John 20:1 Now on the first day of the week Mary Magdalene came to the tomb early, while it was still dark, and saw that the stone had been taken away from the tomb. 2 So she ran and went to Simon Peter and the other disciple, the one whom Jesus loved, and said to them, “They have taken the Lord out of the tomb, and we do not know where they have laid him.” 3 So Peter went out with the other disciple, and they were going toward the tomb. 4 Both of them were running together, but the other disciple outran Peter and reached the tomb first. 5 And stooping to look in, he saw the linen cloths lying there, but he did not go in. 6 Then Simon Peter came, following him, and went into the tomb. He saw the linen cloths lying there, 7 and the face cloth, which had been on Jesus’ head, not lying with the linen cloths but folded up in a place by itself. 8 Then the other disciple, who had reached the tomb first, also went in, and he saw and believed; 9 for as yet they did not understand the Scripture, that he must rise from the dead.
The point of saying the linen cloths were there, and even mentioning the cloth that was bound around his face, is probably to show how this resurrection was different from Lazarus’ resurrection. Recall from chapter 11 that Jesus raised Lazarus after he had been dead four days. And John 11:44 it says, “The man who had died came out, his hands and feet bound with linen strips, and his face wrapped with a cloth. Jesus said to them, “Unbind him, and let him go.”
Different from Lazarus
People had to help Lazarus out of the linen strips and face covering. That’s because he had a mortal body. He would die again. After the resurrection, Jesus did not have mortal body. He would never die again. “We know that Christ, being raised from the dead, will never die again” (Romans 6:9). Jesus’ body is different. He simply passed through those grave cloths the way he passed through doors in John 20:19 and 26. “Although the doors were locked, Jesus came and stood among them” (John 20:26). But at that very moment of entering the room like no ordinary body can, he says to doubting Thomas, “Put your finger here, and see my hands; and put out your hand, and place it in my side. Do not disbelieve, but believe” (John 20:27). This was a physical body that you could recognize, and touch. And Luke tells us he ate fish after he had risen (Luke 24:43).
Why It Matters
If you think this does not matter to you, remember, those who are in Christ—that is, who believe on him, and belong to him, and receive forgiveness and reconciliation from him—will be raised with him. And Paul says in Philippians 3:21 that Jesus “will transform our lowly body to be like his glorious body, by the power that enables him even to subject all things to himself.” This is not a UFO, or irrelevant life on another galaxy. This is what will happen when God judges the world by a man, Jesus Christ.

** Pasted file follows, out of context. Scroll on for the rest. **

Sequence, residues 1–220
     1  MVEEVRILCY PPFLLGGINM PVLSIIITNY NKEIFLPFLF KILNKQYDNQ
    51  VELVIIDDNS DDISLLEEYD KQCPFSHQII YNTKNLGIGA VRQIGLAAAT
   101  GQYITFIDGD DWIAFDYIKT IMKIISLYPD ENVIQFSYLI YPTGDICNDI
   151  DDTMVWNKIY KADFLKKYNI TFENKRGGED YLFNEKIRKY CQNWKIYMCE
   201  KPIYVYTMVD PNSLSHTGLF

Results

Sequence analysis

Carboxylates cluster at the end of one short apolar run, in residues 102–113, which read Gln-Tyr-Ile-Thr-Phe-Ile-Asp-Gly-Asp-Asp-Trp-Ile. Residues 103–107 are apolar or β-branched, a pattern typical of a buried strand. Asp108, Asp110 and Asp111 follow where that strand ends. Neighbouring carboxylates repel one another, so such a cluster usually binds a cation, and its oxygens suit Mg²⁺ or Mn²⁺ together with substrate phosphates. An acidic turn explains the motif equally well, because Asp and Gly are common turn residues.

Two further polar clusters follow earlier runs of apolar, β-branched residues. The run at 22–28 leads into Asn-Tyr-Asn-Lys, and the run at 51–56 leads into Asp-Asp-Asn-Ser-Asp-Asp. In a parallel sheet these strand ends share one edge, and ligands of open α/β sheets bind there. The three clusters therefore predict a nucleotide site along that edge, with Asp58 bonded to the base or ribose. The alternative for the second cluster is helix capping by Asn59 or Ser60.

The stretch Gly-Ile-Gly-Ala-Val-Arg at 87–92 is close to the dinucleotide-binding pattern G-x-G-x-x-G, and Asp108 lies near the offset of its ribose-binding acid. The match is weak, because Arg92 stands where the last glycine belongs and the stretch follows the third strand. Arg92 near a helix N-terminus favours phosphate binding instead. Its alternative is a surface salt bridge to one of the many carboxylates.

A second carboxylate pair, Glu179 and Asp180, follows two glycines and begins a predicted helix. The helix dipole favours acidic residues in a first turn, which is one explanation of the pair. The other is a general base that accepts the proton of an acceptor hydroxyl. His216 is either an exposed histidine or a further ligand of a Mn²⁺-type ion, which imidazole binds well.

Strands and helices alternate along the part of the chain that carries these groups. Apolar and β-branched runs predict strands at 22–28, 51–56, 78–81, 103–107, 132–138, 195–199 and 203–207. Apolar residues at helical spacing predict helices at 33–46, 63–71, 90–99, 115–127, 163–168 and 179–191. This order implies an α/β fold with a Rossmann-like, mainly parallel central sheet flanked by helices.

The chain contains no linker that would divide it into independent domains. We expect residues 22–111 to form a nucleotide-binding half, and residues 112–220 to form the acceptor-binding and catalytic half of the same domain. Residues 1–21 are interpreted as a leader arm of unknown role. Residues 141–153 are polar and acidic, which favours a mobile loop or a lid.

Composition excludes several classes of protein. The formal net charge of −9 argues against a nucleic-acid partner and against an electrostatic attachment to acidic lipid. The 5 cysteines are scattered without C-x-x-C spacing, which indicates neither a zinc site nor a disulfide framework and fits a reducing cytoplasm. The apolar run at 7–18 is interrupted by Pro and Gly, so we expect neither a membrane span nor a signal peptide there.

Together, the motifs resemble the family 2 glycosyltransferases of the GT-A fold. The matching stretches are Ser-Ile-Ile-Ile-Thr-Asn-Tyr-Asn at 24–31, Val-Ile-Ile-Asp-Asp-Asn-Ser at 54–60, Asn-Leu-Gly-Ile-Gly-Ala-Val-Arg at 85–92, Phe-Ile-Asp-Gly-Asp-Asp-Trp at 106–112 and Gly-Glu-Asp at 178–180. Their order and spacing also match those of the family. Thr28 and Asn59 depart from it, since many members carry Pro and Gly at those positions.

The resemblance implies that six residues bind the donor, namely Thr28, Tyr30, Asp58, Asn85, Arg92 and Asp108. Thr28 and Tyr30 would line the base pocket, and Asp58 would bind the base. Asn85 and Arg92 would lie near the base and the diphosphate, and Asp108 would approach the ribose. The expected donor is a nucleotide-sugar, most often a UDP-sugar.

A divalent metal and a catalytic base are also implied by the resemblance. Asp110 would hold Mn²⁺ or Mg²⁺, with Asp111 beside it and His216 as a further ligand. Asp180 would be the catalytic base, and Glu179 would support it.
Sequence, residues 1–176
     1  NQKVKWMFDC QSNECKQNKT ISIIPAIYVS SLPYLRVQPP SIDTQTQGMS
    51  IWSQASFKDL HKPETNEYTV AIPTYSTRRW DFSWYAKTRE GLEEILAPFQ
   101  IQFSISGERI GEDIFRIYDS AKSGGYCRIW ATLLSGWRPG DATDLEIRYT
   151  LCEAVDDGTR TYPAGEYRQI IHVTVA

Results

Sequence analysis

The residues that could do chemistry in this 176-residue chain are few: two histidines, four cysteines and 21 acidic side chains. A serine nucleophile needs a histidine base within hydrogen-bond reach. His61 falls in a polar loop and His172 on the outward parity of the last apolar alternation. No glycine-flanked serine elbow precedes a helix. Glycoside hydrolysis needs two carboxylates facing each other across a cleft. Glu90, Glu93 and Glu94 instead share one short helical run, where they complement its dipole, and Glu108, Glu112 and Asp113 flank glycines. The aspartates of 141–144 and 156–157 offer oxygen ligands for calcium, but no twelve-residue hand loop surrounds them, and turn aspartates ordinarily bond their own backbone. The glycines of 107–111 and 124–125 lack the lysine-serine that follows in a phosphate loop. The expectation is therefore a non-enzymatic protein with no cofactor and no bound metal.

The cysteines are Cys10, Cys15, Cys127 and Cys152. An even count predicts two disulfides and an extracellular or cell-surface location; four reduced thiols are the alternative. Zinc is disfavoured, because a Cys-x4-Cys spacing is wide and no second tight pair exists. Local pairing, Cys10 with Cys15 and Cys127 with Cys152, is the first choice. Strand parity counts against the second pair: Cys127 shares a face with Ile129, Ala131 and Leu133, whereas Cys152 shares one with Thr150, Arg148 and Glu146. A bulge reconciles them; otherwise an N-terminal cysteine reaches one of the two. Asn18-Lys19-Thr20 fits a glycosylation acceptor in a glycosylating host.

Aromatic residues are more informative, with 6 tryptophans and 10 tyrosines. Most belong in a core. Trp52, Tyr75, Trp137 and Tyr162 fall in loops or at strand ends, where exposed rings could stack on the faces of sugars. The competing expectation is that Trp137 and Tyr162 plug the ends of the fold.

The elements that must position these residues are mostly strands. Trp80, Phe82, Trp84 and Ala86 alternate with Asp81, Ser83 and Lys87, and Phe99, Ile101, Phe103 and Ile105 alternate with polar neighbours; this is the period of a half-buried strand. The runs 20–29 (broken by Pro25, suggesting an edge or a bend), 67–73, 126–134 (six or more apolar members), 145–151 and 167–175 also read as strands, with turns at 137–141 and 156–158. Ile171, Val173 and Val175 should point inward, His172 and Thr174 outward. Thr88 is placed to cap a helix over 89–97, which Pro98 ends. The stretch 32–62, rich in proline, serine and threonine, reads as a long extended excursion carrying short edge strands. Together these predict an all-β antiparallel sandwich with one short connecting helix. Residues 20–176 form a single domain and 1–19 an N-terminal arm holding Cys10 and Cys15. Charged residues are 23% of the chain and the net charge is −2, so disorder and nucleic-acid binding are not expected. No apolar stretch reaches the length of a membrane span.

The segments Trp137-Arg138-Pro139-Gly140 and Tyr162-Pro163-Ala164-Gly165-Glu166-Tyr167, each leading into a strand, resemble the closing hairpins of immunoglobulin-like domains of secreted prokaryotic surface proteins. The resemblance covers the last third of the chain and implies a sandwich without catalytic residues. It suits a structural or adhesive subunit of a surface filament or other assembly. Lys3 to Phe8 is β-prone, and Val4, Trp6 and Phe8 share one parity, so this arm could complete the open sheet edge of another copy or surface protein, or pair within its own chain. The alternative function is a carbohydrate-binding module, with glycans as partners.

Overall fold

If you belong to him by faith in him, you will receive a body like his, which will be suited to see him and enjoy him and enter finally into the new heavens and the new earth where you will spend eternity admiring God in all that he has made. And this world that we love so much, compared to that one, will be like a candle compared to the sun.
Do You See?
Here’s the issue: Do you see? In verse 8 it says, “Then the other disciple [John], who had reached the tomb first, also went in, and he saw and believed” (John 20:8). What did he see? What did he believe? Jesus wasn’t there—just some cloths that he left behind.
Compare this to Mary in verse 18: She has met Jesus in the garden and spoken to him. She returns to the disciples and says, “I have seen the Lord” (John 20:18). We don’t have Mary’s direct evidence. We are more like John in the tomb—there is evidence, and either we see through it or we don’t. The issue is: Do you see?
The Witness Has Become a Window
Let me close with an analogy. Your doorbell rings this afternoon and one of your friends asks to talk to you. He comes and says, “I have some really bad news. Your brother Jim is dead.”
And you say, shaking your head, “I don’t believe it. I just saw him this morning. He was fine. I don’t believe it. It can’t be.”
And your friend says, “We went to the game together, and as we were leaving, this car went out of control and jumped the curb, and hit Jim. I knelt over him. I waited for the medical examiner. I saw it. He’s gone.”
And you say, softly, “I see.”
What do you mean, “I see”? You mean that the witness of your friend has become a window. And the reality in the window has become plain. You were not there. You did not see (the way Mary saw), but still you say—and it is right to say—with all your heart, “I see.”
“I Have Seen the Lord”
God has brought you here for this message and for this Scripture and for this story of the resurrection of Jesus and this witness. And my prayer for you, as we close is that you will now or very soon, by God’s grace, say, “I see.”
There is one main difference between Jesus and my illustration: He’s alive. It is as though another messenger crashes through the door while you are crying and says, “Jim’s alive. I talked to him.” That’s what Mary said, “I have seen the Lord.”